For more information about planning a great family vacation, contact Suzette Mack at suzette@family-treks.com.

March 15, 2010

Family Trip Report: Gran Melia Puerto Rico

A family recently visited Puerto Rico with their children ages 4 and 7. She rented a car for her trip, as there are many fun and interesting places to explore on the island, including El Yunque Rainforest, Old San Juan (a UNESCO World Heritage site), and Rio Camuy Cave Park. (Click here to receive a Puerto Rico Nature and Adventure guide.)

Here are some of her comments about the resort:

"The Gran Melia Resort was nice. The common areas were beautiful. We enjoyed our stay. All the staff we interacted with were welcoming and friendly.

The pool area was excellent! There are 4 pools at the resort. One is a separate kiddie pool for babies - maybe 1' deep. Another is the main resort pool, which is a huge pool shaped like an amoeba. Within the huge pool, there are several parts that are very shallow - families can take their pick from at least 3 different areas of the pool that are shallow (anywhere from 12 inches or so up to 3 feet deep). There is no water slide, and there are no hot tubs or jacuzzis in the pool area - only jetted sections of the pool. There is a 3rd pool which is for Royal Service guests only and is strictly for adults. Finally there is a pool at the spa.

The room itself was comfortable and spacious. It had a separate sitting area. We had a Royal Service room which was in one of the closer buildings to the main resort area. The room decor and overall feel was nice...marble vanities, nice bedding.

Families who stay at the Gran Melia should know that there is a beach but it is very rocky and there is a lot of seaweed. The good news is that nice beaches are very close. Luquillo Beach is 15 minutes away, and Seven Seas Beach (in Fajardo) is 20-25 minutes away. We went to Seven Seas beach and it was gorgeous.

The best meal of our vacation was actually a homestyle Puerto Rican meal at El Punto in Old San Juan. It was a tiny restaurant with maybe 4 tables, tucked in the back of a souvenir-shop alley. Their rice and beans were excellent. We also enjoyed the Brass Cactus in Luquillo, which serves Southwestern cuisine and is owned by a California native. "

It's not too late to plan a great vacation, and many promotions are available for summer travel to the Caribbean. And remember, no passports are required for Puerto Rico!

To receive a Nature and Adventure guide for Puerto Rico, or for help with planning great family vacation to any destination, contact Suzette Mack, Family Travel Specialist, at suzette@family-treks.com.

March 3, 2010

On Vacation, Happy Kids = Happy Parents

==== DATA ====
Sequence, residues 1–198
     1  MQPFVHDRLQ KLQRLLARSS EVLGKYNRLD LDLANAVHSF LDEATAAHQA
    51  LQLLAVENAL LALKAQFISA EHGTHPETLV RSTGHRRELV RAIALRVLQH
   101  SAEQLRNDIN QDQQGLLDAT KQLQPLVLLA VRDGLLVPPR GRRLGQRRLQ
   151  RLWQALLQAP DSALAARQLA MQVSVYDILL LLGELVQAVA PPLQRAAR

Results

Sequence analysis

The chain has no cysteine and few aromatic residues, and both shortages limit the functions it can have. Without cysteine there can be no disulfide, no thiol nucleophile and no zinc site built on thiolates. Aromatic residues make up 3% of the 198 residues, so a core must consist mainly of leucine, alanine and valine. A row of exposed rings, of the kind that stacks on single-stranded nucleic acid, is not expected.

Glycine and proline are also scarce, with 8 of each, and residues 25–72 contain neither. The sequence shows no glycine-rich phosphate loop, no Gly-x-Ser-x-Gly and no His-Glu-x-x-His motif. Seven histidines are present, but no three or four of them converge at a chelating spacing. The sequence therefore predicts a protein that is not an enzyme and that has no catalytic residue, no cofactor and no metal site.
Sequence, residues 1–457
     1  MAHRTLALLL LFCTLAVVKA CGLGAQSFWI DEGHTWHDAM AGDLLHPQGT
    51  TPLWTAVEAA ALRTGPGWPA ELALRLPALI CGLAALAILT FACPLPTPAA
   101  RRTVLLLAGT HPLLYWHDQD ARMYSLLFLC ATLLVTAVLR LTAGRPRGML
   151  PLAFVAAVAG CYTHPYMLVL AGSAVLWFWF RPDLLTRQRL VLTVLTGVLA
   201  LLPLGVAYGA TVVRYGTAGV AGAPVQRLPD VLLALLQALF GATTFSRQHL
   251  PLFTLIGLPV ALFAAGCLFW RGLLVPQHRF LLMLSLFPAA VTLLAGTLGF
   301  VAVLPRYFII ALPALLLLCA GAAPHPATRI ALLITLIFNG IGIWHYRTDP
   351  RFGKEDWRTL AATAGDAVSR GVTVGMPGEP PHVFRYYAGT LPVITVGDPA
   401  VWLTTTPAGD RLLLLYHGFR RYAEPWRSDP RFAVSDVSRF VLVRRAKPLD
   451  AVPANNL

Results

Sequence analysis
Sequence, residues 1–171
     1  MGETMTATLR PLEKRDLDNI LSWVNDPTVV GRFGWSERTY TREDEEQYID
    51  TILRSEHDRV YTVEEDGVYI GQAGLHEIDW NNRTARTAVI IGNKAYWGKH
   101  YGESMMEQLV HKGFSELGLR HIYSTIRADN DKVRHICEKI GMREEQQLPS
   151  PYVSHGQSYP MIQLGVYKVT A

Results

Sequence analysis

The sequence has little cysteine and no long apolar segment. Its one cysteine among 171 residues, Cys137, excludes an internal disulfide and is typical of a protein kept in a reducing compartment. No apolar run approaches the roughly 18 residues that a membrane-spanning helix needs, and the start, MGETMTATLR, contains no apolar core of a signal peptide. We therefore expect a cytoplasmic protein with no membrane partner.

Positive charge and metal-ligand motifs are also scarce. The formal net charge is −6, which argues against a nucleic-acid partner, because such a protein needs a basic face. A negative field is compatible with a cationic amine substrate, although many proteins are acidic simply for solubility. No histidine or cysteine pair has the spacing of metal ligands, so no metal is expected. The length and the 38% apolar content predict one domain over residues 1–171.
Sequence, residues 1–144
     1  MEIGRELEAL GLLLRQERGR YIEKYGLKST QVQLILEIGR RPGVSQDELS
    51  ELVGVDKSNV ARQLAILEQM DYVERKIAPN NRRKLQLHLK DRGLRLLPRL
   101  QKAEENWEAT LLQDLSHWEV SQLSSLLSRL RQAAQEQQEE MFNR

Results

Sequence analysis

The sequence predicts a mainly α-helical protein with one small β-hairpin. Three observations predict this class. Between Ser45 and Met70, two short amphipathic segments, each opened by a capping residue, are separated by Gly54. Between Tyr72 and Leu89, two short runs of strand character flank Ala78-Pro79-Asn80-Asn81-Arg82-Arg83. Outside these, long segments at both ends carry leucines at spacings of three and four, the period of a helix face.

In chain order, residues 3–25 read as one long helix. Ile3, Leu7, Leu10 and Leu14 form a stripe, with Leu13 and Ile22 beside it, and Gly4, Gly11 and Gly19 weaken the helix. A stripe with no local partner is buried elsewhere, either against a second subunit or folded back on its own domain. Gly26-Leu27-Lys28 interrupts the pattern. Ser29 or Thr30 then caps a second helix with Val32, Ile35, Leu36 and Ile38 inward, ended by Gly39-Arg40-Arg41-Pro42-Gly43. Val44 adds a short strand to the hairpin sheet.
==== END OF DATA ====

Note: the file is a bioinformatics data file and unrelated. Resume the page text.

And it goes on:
My friends told me it would happen, and I heard about it happening to others. But I never actually thought it would happen to us. I guess I had been in denial, I was sure this was not something that my family would go through. We planned ahead, and carefully raised our kids to avoid this problem. Things were going to be different for us!

Alas, we were wrong. On our last trip, it happened. We heard what every parent dreads: “I’m bored.” “Why didn't we just stay home!” I cringed as these words came out of my 12 year old son’s mouth.

Now granted, this was not one of our “big” vacations. It was just an overnight getaway only a few hours from home. I had been frustrated that we had not spent much time enjoying the tourist attractions right in our own backyard. So when we had a free holiday weekend, we took a quick trip up to Pt. Reyes and Tomales Bay, just north of San Francisco. I was looking forward to a fun family adventure: we could visit a spot along the San Andreas fault where it ruptured in 1906, see a beautiful stretch of California coastline, and also go whale-watching. What’s not to like? First stop, the visitor center, and a short interpretive trail along the fault line. The complaints started rolling in: “I hate these trails!” “ Dad’s going to want to stop & read every sign!” “It’s so boring!” “I want to go to a beach!” Given that we had experienced several earthquakes recently, I thought the kids would really be into this. But even my daughter, who’s usually very enthusiastic, had a frown on her face. Apparently the recent quakes had the opposite effect: she was worried that the ground was going to open up right beneath our feet and she couldn’t wait to get back to the car.
Next stop, the Pt. Reyes Lighthouse. But getting there required going to another visitor center to purchase bus tickets, and then waiting for the bus. We were at a pretty beach, so both kids’ eyes lit up and they asked, “Can we go play in the sand?” Well, of course the answer was "No," as we had to get on a bus, so now there was more grumbling and moaning. I was really getting worried that our “fun family outing” wasn’t going to be so fun.

Finally we arrived at the lighthouse, which is exceptionally picturesque perched at the bottom of a very steep cliff. Steep as in over 300 steps almost straight down! This time I was the one not so enthusiastic, trying to decide whether going down or up was going to be more painful. But things were looking up for my kids, who couldn’t wait to race down the stairs. Now I was hearing “Cool!” and “Wow!” The situation was looking better!

From the lighthouse, we started scanning the horizon for whale spouts. "This could be ugly," I thought, “If we don’t see a whale I will never get these kids out here again.” A few minutes later, a shout of “There’s one!” and the kids were hooked. No more complaints the rest of the afternoon. On the bus ride back to our car, the kids happily talked about the day, and kept an eye out for more wildlife, including elk, deer, and hawks.

Whew! We dodged a bullet on this trip, though I see that it may take a bit more work to keep my kids engaged as they grow older. I need to be sure that we budget time for the little things they enjoy most, like playing on the beach. And any opportunity to see wildlife is a sure hit.

There is more good news. My son told me last night he wants to see the fossils at the La Brea Tar Pits – music to my ears!

For help with planning your next family adventure, contact Suzette Mack at suzette@family-treks.com.